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21 Best Tools For Kids: The Ultimate List (Updated!)

It’s been a tough year so far but there are a few silver linings with the entire family being stuck at home. One of those unforeseen blessings has been more time to teach your kids to be self-sufficient.

Whether you’re showing them how to bake bread, handle household chores, or plant a garden, your children also want to learn how to make things and build stuff. And that means using basic hand tools.

Shop classes have seen a rapid decline at schools for years as more importance has been placed on college preparation. That’s a real shame since understanding how to use hand and power tools equip kids with fundamental skills they’ll use throughout their lives. Plus, it can be a lot more fun than book learning.

Knowing how to use tools will also save them money as adults. And there’s really no better feeling than fixing something yourself. So embrace homeschool and build something with your kids!

Our list of 21 Best Tools for Kids includes safety gear, basic hand tools, and some things to keep everything organized. Everything listed here are items your young ones can start using now (with some parental supervision, of course). Learning doesn’t get much more hands-on than this. Watch out: you might just learn something, too.

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Aren't My Kids Too Young To Learn About Tools?

There's a phrase going around these days: Common sense isn't all that common anymore. As recently as 70 years ago, many children were expected to help around the house, if not the family farm. That meant plenty of opportunities for kids to learn valuable blue-collar skills that for the most part don't exist today. 

As we've gotten away from teaching industrial arts in public schools, our kids are given fewer and fewer chances to work with their hands. That time has now been filled with mobile devices, sports tournaments every weekend, and "safe" activities. As a result, there is a vast shortage of plumbers, electricians, and contractors in the United States. 

Working with tools give kids experience with physical dexterity, problem-solving, and good old fashioned know-how. Are your kids too young to work with tools? That all depends on your confidence level and what kind of tools are appropriate for their age. 

You clearly don't want your toddler working with a table saw. That said, children as young as four can be taught various skills using basic hand tools, skills that translate to the classroom. For instance, a measuring tape is invaluable for learning numbers, counting, and mathematics.

Showing your kid how to properly screw fasteners into a piece of soft pine will teach them balance, motion skills, and muscle memory that will serve them well when they begin playing sports. Above all, learning to use tools teaches patience, perseverance, and respect for others.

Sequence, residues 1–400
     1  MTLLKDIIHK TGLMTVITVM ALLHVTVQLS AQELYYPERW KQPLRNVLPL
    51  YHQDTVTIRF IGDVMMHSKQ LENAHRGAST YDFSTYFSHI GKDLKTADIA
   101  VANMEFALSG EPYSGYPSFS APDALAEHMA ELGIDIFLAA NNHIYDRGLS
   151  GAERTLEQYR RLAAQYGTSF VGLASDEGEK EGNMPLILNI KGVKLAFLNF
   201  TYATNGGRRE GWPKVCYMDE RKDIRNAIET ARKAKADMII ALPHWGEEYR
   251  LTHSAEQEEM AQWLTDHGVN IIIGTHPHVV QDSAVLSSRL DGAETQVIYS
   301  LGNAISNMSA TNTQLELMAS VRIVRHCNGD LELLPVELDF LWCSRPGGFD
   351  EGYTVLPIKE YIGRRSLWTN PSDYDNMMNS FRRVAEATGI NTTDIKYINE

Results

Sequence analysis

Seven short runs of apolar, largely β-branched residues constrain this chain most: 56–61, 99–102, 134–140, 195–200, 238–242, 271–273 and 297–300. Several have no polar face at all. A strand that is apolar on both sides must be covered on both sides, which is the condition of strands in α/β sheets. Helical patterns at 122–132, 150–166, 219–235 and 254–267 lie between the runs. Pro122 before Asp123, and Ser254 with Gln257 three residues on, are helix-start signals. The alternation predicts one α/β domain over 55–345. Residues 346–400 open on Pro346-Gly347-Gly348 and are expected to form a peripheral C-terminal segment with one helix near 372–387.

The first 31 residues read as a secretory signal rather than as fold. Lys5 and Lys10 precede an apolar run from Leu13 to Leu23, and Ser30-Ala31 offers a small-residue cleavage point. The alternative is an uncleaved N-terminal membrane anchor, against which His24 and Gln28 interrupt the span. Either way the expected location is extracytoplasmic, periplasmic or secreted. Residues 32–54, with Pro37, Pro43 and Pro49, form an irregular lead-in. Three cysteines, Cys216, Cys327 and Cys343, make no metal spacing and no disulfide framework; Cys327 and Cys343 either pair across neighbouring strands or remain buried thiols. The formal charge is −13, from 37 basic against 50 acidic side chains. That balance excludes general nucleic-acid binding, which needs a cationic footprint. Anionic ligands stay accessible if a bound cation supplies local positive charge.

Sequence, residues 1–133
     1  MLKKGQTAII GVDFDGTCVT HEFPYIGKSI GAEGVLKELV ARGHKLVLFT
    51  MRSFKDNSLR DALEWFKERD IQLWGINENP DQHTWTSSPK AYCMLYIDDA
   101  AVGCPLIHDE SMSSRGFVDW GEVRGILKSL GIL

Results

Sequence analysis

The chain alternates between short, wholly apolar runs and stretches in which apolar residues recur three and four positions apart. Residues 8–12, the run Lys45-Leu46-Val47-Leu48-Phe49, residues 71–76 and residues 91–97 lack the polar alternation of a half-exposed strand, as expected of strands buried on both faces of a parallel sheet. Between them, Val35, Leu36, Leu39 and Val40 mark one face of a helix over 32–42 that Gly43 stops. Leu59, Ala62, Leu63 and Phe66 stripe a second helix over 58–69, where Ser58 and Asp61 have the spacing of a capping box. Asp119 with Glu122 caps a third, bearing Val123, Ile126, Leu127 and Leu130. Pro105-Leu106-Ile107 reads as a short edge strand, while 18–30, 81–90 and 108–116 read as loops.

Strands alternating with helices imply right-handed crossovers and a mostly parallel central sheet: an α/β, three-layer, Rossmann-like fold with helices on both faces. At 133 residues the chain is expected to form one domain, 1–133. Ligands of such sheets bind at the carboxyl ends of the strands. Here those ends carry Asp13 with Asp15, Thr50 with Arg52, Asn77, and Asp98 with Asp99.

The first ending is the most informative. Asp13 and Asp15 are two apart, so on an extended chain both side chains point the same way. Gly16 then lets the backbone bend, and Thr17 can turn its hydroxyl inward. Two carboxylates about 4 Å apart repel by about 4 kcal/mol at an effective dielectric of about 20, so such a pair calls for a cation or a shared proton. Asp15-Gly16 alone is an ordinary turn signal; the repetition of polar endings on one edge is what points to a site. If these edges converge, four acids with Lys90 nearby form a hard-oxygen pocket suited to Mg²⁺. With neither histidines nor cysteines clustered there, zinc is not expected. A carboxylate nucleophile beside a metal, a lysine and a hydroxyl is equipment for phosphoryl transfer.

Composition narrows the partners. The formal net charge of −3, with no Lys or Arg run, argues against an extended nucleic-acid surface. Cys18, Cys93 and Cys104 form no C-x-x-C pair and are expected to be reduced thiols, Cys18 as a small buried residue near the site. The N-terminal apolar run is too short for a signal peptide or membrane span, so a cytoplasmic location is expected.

Many parents may be tool novices themselves. If that describes you, don't worry about it. Learning together can provide an amazing opportunity for mutual education. Your child will always remember that time that the two of you were on the same playing field and did it together. And they'll remember that fondly.

You do-it-yourselfers out there that know what you're doing have a responsibility to pass on what you've learned (I'm sure you know that already). It's a lot more fun to work on projects with your children. The joy of teaching my kids useful skills far outweighs anything that I've ever created.

How Should I Begin Teaching My Child About Tools?

Keep this very important detail in mind: kids love to help even if that means they're not really helping (if you have kids, you should know what I'm talking about). What's crucial about this process is that your child has the chance to do something with you.

They want to be with you doing whatever it is that you're doing. They want the chance to contribute to what they feel is "your" project. It will give them enormous self-esteem, a sense of pride, and security knowing you allowed them to help you out.

Start small. There's no reason to begin work on a full-sized dining table with turned legs made of oak with matching chairs. There are plenty of options out there for you both to get your hands dirty with. Begin with something simple like a birdhouse or a pine derby car. Pre-cut kits can be found online, at hobby stores, and hardware outlets.

There are opportunities for younger children to start using tools as well that are safe and approachable. Instead of driving nails into wood, consider popping bubble wrap with a hammer. Screw fasteners into an old sheet of drywall. You could even have kids saw through foam board to get the hang of things.

Don't throw out your old machines! They present a great chance for kids to take things apart without getting in trouble for it. There are also many resources online to learn about woodworking, electronics, and even metalworking. All of these disciplines require the use of hand and power tools.

At the end of the day, your kids really want to be involved with what you're doing. By providing them the know-how and their very own toolbox, not only will you have a great time doing that but you'll also have an even better time when they return the favor with some cool tool gifts for you. 

See also:

Best Science Kits for Kids

Best Workbenches for Your Garage

Best Benchtop Drill Presses

101 Best Gifts for DIY Dads and Stepdads

Best Bunk Beds with Desks for Study at Home